If Congress fails to act on the U.S. estate tax by the end of this year, January 1, 2011 will also bring about a significantly different—and harsher—U.S. estate tax system for both U.S. citizens and domiciliaries and non-U.S. individuals owning U.S.-situs assets, such as stock in U.S. companies and real estate located in the United States.
In 2001, President Bush implemented estate tax law amendments that gradually increased the estate tax exemption and reduced the top estate tax rate over the last decade, so that in 2009, the estate tax exemption was at an all-time high of $3.5 million and the top rate was 45 percent. The Bush changes culminated in the U.S. estate tax’s repeal for 2010, which is estimated to cost the U.S. Treasury billions of dollars in lost revenue in 2010 unless an estate tax is enacted retroactively for 2010, a prospect that becomes more unlikely with each passing day.
The estate tax system in effect before the Bush changes is scheduled to return on January 1, 2011, so after 2010, the top estate tax rate will be 55 percent, and the exemption will be only $1 million for U.S. citizens and domiciliaries. The return of the pre-Bush estate tax system would also affect nonresidents of the United States who own U.S.-situs property because such individuals are generally only entitled to a significantly lower exemption amount.
Reverting to pre-2001 law will significantly increase the estate tax’s reach and effect. As exemptions increased and rates decreased over the last decade, the estate tax touched fewer U.S. citizens. Many more Americans—including those who consider themselves middle class—will become subject to federal estate tax exposure, although the 55 percent rate does not kick in until a decedent has at least $3 million of assets. For example, consider Sue and Steve Taylor, who are both U.S. citizens. They own a home worth $500,000, have $250,000 in retirement assets, and each owns an insurance policy on the other’s life with a $1 million death benefit. Their total estate is $2.75 million, but their total combined exemptions under pre-2001 law are only $2 million. Therefore, their estate would pay estate tax of approximately $250,000 in 2011 if pre-2001 law returns (and without proper planning for use of the exemptions, the actual estate tax could be much higher). While estate tax could still be avoided altogether in the Taylors’ situation by planning, such as through the use of life insurance trusts, this is a far different scenario than they would have been in under the 2009 estate tax rules, which provided a $3.5 million exemption for each person, and thus would have eliminated estate tax for the Taylors.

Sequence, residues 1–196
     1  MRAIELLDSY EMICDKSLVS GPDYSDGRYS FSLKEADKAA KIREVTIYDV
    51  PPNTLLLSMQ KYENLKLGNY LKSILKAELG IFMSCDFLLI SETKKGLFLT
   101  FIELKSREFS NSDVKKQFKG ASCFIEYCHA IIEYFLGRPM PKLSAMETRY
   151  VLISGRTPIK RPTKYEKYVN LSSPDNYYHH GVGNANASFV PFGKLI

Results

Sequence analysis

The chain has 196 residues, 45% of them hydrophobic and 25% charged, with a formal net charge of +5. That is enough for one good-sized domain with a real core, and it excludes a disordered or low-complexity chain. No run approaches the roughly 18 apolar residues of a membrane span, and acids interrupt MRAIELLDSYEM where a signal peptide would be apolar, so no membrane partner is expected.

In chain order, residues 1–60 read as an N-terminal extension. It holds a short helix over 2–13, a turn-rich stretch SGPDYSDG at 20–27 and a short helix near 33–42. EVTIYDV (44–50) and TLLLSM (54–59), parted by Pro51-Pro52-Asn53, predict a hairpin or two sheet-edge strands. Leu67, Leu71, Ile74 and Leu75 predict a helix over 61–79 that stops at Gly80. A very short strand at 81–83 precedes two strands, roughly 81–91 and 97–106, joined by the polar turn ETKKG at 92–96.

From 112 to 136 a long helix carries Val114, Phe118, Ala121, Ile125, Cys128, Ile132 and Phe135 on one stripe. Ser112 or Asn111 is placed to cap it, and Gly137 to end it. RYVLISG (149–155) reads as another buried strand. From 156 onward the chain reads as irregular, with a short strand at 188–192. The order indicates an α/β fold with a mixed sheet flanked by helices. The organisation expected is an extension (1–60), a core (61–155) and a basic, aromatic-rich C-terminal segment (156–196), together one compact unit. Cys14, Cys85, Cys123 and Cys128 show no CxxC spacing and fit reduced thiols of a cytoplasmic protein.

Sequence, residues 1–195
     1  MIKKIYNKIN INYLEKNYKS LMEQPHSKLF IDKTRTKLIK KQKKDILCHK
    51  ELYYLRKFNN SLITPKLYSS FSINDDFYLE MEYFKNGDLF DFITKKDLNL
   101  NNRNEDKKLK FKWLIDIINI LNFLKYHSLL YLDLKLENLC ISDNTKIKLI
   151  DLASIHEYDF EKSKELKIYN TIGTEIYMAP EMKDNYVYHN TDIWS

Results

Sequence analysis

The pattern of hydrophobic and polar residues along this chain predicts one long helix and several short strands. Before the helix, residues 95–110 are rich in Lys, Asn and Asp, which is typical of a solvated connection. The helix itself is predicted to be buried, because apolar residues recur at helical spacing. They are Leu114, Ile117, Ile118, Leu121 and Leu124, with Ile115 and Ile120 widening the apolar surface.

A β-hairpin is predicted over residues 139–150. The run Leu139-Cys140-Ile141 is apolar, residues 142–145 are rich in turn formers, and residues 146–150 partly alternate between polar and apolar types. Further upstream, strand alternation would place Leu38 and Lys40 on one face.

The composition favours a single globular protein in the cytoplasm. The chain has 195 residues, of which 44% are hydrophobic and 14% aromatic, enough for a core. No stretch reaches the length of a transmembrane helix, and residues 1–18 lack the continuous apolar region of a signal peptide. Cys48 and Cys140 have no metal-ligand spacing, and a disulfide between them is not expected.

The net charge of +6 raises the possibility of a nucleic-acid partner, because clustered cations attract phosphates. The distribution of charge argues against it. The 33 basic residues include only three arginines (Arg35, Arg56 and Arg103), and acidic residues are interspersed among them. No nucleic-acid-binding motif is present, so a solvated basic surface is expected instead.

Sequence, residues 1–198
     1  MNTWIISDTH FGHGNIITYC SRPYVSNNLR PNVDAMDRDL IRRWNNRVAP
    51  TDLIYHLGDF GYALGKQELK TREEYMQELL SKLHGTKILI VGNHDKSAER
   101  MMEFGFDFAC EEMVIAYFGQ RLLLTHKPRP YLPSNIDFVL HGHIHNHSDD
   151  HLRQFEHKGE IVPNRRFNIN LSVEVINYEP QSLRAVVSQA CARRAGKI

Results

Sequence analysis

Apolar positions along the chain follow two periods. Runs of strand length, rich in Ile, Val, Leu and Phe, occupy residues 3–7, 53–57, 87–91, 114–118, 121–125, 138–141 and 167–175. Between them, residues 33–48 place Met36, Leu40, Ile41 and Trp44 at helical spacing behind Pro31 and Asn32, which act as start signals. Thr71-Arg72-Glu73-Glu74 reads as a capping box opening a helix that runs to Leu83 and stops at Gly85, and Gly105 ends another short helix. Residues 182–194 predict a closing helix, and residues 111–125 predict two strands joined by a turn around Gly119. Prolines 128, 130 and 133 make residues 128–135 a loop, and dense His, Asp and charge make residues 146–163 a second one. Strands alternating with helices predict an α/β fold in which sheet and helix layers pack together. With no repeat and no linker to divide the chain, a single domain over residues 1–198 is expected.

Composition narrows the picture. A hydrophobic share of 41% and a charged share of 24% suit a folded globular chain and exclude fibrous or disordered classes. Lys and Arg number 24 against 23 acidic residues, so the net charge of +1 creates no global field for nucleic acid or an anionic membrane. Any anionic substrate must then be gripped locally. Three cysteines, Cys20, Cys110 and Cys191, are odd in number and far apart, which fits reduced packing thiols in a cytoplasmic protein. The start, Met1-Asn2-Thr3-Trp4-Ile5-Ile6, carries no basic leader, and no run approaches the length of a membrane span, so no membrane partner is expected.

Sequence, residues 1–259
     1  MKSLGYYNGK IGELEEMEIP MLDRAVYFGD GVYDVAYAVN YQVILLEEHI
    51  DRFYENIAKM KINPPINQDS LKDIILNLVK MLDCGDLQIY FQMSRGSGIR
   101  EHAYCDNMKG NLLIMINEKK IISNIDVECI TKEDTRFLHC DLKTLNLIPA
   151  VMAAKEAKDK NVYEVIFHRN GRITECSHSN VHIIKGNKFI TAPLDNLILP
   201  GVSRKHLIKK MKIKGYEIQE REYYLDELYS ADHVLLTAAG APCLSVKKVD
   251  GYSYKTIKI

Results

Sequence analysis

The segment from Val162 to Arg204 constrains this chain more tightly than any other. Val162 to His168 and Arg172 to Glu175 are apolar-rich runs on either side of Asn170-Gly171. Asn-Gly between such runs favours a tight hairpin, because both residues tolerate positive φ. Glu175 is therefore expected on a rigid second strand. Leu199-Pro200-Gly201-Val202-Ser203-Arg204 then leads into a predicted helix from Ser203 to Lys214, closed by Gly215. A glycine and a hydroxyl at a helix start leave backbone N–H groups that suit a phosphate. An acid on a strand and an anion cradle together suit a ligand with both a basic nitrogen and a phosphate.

If the estate tax reverts to pre-2001 rules, a U.S. citizen or domiciliary with assets in excess of $1 million should carefully consider estate planning options to reduce exposure to U.S. estate tax. These include ensuring that assets owned by spouses are held in a way that maximizes available exemptions, ensuring that life insurance is held in trust, gifting, and other planning techniques like family limited partnerships and GRATS, once considered necessary only for wealthier people.
A continual flow of bills introduced in the U.S. Congress to alter the scheduled estate tax reversion—either increasing the exemption, reducing the top rate, or both—have failed to gain traction. Republicans and Democrats are sharply divided over appropriate exemption amounts and rates: Democrats seem willing to restore the 2009 rules ($3.5 million exemption and 45 percent top rate) and Republicans want higher exemptions and lower rates ($5 million exemption or more and 35 percent top rate). Failure to agree is a loss for both parties, but the lingering recession, large budget deficit, and government debt burden make it difficult to justify any exemption increase or rate reduction that is not offset by other revenue raisers. A recent Congressional analysis tagged the revenue loss of continuing the 2009 estate tax system for 10 years at an enormous $253 billion. Moreover, the highly contentious upcoming midterm elections also make 2010 action on the estate tax seemingly unlikely, at least until late November.
Now, approximately two-thirds of the way through 2010, it remains to be seen which income tax and estate tax regime will be in effect beginning January 1, 2011. However, it is reasonably clear that, at least for higher income taxpayers, the U.S. capital gains and dividend tax rates will likely increase, and the highest marginal tax rate on ordinary income will be 39.6 percent. There is still time to consider the impact of the upcoming U.S. federal income tax rate changes that will go into effect on January 1, 2011, as well as planning strategies to address them. And any current business structuring for individuals should take these upcoming rate changes into consideration as well. The potential changes to the U.S. estate tax may mean estate planning will become important for a much greater number of taxpayers.
Stay tuned for what should be an interesting fall in the U.S. Congress.
For more information, please contact one of the members of the Hodgson Russ LLP tax group or:
Jessica S. Wiltse
Carol A. Fitzsimmons